Alban opera a martyr to the cause of unity
THERE were tears, tantrums and high drama at St Alban the Martyr, in Holborn last week, when Alban – The Community Opera, went to London.
The antics were all part of the gripping show that is Alban, which sold out when it ran at St Albans Abbey in May last year and opened for a four-night run last week.
With a cast that brings together a wealth of local talent from musicians to school choirs and professional singers to amateur actors, the Alban opera is an adventurous and professional production with a community at its heart.
The story focuses on Alban, a doctor and family man living in Roman occupied Veralamium (today’s St Albans). His life is changed forever when one night he answers a knock at the door and he invites a stranger in to take shelter. The stranger reveals that he is a wanted man being pursued by Roman soldiers because he is a Christian priest. The decision to shelter and protect the man from the authorities results in a heartbreaking finale in which a family are left desolate and a community is left behind to answer some profound questions about their society and their faith.
The opera juxtaposed the light with the dark effectively, moving from the humorous interplay between Alban and his wife – perfectly capturing domesticity in a way that makes the couple relatable to today’s audience and the ultimate tragedy so heart-wrenching – to the dark paranoia of the Governor, Lucius and his wife, Marcella.
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The choral scenes added pace to the performance, allowing the audience to really understand the world Alban lived in and showcased the performances of the amateur singers, many of whom were from City choirs which included insurance companies, banks and publishing head offices. The children’s chorus was made up of pupils who attend St Alban the Martyr primary school and, I was later told, speak an astounding 26 language between them. They add to the sense of fun in the bustling market scenes and draw attention to the tragedy of Alban’s death as his story comes to a close.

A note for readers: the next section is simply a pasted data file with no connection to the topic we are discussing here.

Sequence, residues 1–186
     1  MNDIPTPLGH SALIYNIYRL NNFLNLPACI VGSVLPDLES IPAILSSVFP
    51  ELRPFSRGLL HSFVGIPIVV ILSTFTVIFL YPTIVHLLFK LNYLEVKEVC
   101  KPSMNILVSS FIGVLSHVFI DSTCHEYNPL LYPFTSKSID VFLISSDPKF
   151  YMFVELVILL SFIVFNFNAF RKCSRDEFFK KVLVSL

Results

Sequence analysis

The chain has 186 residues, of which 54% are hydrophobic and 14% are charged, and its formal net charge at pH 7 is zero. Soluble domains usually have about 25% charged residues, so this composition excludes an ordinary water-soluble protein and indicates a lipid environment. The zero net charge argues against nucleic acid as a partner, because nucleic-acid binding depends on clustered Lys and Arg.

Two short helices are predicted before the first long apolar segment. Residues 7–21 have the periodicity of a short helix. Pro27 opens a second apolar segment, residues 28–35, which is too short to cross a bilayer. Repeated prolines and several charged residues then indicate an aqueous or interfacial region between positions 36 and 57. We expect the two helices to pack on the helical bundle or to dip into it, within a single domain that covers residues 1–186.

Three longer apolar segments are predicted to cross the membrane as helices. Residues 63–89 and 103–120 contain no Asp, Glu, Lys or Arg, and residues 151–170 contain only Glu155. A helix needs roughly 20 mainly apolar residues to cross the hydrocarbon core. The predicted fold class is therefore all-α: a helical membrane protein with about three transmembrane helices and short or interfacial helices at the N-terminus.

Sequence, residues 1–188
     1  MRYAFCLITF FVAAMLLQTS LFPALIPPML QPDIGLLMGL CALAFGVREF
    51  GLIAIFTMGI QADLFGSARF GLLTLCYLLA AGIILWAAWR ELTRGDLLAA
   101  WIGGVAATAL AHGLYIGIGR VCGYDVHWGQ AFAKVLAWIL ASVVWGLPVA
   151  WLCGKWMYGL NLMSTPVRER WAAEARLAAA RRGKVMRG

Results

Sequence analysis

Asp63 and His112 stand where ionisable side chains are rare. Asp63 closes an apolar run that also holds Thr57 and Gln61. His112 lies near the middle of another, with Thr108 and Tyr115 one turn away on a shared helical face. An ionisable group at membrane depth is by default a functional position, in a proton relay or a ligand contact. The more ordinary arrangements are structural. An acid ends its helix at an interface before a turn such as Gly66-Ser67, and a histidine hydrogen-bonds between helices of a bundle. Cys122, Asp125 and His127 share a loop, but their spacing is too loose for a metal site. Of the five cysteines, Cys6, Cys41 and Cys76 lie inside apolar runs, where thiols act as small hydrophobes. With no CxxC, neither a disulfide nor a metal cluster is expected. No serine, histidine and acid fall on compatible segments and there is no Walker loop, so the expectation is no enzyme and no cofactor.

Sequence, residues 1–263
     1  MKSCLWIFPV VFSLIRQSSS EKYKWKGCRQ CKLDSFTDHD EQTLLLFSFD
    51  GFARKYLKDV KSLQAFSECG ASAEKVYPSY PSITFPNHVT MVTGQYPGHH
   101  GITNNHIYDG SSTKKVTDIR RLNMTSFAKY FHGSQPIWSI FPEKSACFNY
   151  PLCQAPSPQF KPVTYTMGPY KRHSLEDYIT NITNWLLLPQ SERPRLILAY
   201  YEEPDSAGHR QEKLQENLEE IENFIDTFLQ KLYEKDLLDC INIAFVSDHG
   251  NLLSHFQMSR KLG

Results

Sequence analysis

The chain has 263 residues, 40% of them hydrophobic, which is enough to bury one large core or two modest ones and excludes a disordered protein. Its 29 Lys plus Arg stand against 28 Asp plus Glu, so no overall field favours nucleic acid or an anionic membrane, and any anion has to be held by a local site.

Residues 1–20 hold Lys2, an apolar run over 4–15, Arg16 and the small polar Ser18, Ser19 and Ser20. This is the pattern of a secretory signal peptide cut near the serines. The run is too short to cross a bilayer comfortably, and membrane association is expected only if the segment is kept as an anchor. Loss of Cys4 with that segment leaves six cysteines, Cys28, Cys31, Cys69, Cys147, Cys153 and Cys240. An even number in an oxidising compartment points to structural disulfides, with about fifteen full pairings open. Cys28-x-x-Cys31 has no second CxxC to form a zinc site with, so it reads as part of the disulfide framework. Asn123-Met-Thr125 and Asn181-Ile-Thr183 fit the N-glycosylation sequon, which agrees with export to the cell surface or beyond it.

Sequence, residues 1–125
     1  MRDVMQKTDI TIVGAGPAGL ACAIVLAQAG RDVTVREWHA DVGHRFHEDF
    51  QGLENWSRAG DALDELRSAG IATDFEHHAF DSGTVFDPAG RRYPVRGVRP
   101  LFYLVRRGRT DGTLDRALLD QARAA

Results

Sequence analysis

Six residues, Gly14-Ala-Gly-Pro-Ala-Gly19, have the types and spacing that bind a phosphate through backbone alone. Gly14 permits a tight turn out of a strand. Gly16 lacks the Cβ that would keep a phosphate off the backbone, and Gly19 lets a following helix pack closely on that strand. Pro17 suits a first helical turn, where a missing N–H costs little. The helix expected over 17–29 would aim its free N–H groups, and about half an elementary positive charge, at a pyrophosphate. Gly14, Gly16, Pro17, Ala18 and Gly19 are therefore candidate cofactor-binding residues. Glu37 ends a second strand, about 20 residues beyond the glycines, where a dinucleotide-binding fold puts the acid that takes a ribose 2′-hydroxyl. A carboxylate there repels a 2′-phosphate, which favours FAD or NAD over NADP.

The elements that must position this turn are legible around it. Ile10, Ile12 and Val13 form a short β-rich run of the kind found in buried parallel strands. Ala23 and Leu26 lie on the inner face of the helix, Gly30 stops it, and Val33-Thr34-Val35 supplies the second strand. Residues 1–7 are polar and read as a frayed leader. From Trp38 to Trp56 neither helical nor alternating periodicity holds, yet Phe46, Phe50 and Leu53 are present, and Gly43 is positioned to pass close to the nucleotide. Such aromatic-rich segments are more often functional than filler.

The scenes are played out before the Trinity in Glory, a huge mural on the eastern wall of the church, which seemed to come to life as the opera proceeded and the lighting subtly moved the drama on. There are poignant moments throughout when the action below seems to emphasise scenes on the mural above.
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The orchestra, made up of 22 players, was led by David Ireson and the Church’s acoustics lent themselves to the beautifully simple narrative the music told. The words were accessible and there was a real sense that this was exactly what it purported to be: an opera for all.
It is now hoped that the opera will go on to show in the US next year, where its message of truth but also of unity, as mirrored in its community-centred production, can continue to be seen and heard.